El Malpais, (pronounced “Mall-pie-ees”), “the badlands” in Spanish, aptly describes the tens of thousands of acres of craggy lava flows, some up to 800,000 years old, that cover much of the 263,000-acre El Malpais National Conservation Area. The black basalt, far from lifeless, has been reinvaded by ponderosa pine and pinyon and juniper trees, as well as by various grasses and shrubs. This sparsely-vegetated, rocky terrain provides habitat for reptiles, small mammals, birds (including hawks and eagles), and coyotes. Two wilderness areas, West Malpais and Cebolla, encompass almost 100,000 acres. West Malpais Wilderness Area includes Hole-in-the-Wall, a large expanse of grasslands underlain by 700,000-year-old lava and surrounded by younger lava flows. Cebolla Wilderness Area is dotted with historic homesteads and archaeological sites that provide connections to the past.
The El Malpais National Conservation Area was established in 1987 and is managed by the Bureau of Land Management. El Malpais NCA was established to protect nationally significant geological, archaeological, ecological, cultural, scenic, scientific, and wilderness resources surrounding the Grants Lava Flows. The adjoining El Malpais National Monument was also established at the same time and is managed by the National Park Service.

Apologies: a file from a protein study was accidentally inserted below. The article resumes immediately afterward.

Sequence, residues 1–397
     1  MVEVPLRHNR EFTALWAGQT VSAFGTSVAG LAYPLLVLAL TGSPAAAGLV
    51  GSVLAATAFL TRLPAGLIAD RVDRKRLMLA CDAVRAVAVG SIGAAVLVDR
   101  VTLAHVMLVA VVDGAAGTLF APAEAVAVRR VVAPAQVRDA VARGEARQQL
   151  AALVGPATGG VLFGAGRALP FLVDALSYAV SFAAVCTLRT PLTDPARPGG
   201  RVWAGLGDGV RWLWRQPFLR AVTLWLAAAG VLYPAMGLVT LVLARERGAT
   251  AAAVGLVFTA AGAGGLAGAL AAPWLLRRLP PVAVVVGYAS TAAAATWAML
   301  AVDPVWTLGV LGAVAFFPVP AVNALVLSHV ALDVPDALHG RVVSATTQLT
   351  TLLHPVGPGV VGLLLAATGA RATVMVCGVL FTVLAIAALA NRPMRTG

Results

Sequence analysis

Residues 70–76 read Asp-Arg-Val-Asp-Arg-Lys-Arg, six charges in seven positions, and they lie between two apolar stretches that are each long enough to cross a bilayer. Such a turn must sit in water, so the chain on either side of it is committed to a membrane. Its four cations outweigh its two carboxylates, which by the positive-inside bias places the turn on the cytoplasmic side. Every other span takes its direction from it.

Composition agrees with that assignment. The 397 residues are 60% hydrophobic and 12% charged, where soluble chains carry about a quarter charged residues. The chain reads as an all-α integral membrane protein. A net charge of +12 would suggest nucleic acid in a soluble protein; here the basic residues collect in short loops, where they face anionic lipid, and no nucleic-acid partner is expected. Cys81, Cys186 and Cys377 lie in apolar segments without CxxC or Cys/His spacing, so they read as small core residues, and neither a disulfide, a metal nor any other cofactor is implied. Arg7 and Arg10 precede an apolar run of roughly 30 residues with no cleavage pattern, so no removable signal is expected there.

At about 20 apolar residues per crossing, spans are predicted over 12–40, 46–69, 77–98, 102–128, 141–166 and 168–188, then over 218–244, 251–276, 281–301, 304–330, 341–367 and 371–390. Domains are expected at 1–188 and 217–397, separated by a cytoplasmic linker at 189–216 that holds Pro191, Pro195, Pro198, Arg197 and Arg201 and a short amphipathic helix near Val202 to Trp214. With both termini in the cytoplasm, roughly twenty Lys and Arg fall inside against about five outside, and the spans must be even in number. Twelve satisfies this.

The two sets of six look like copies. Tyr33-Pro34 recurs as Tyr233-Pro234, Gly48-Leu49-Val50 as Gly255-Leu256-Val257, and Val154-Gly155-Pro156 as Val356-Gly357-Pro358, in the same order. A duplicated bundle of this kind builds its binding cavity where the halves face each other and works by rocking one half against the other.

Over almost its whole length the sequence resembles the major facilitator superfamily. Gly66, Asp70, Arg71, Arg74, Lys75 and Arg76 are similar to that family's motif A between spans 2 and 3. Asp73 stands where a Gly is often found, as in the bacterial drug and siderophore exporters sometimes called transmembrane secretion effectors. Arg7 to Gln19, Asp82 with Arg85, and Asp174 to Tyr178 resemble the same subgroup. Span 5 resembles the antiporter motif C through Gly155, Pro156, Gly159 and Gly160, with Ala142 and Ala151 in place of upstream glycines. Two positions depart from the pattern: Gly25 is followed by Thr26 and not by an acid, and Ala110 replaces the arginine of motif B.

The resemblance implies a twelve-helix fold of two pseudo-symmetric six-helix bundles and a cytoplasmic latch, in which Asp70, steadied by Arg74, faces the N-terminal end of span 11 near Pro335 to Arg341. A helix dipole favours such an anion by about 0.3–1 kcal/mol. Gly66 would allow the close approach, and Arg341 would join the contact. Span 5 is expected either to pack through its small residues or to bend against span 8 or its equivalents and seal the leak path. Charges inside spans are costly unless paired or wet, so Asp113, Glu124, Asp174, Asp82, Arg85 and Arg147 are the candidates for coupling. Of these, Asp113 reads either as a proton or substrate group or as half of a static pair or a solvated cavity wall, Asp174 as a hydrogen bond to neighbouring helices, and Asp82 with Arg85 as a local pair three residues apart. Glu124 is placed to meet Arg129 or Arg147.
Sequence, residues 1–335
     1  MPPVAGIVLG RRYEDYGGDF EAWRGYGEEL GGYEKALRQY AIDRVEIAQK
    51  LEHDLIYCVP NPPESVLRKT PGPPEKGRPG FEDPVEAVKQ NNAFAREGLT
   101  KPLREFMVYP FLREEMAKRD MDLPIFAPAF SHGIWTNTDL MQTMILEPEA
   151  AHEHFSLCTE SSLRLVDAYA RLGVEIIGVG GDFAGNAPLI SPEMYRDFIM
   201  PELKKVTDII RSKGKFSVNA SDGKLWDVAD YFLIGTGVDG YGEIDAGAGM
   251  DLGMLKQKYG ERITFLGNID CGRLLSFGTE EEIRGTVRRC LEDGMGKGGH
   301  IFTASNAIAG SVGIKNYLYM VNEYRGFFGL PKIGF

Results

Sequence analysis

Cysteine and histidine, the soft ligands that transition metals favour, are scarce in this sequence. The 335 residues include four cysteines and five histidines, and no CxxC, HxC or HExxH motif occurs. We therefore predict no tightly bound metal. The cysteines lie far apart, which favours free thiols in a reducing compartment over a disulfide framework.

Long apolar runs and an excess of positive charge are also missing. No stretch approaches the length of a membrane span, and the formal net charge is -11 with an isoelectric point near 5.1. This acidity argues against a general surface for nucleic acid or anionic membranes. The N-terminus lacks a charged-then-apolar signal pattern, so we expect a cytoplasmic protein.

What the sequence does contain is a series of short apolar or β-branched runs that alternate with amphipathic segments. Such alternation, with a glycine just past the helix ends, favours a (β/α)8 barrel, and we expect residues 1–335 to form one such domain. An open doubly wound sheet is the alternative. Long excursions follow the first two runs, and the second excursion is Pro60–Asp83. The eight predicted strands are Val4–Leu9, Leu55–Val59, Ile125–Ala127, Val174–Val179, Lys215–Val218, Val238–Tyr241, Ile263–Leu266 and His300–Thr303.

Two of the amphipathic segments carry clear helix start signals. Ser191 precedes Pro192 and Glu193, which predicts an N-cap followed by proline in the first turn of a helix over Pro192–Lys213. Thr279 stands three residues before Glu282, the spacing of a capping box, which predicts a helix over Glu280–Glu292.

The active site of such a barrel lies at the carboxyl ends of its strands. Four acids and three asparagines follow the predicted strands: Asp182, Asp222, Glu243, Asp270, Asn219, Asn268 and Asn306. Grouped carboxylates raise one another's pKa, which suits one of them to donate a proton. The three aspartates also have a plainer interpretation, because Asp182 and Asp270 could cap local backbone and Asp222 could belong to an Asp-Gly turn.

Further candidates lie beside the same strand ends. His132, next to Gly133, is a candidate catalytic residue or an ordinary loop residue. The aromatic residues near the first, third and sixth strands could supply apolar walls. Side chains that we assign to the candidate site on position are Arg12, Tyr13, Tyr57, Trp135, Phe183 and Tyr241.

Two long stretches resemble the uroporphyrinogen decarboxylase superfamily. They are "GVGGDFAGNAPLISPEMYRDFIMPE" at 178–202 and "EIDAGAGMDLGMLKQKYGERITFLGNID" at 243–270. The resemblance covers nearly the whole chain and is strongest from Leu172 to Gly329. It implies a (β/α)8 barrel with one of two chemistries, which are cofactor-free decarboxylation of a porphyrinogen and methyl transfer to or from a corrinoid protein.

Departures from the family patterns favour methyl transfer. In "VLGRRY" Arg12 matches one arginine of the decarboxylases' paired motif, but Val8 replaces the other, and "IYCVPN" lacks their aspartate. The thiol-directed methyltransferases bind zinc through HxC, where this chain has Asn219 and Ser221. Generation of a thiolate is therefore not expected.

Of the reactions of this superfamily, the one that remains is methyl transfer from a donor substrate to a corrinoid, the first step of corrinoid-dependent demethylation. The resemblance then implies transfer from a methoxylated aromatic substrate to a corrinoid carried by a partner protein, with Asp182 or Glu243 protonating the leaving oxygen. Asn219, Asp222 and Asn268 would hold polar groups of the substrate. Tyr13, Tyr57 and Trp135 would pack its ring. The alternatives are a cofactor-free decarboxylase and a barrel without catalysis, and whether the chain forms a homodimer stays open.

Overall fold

In addition to the two wilderness areas, the NCA includes dramatic sandstone cliffs, canyons, La Ventana Natural Arch, the Chain of Craters Back Country Byway and the Narrows Picnic Area. There are many opportunities for photography, hiking, camping and wildlife viewing within this unique NCA.
For more than 10,000 years people have interacted with the El Malpais landscape. Historic and prehistoric sites provide connections to past times. More than mere artifacts, these cultural resources are kept alive by the spiritual and physical presence of contemporary Indian groups, including the Puebloan peoples of Acoma, Laguna and Zuni, and the Ramah Navajo. These tribes continue their ancestral uses of El Malpais including gathering plant materials, paying respect, and renewing ties.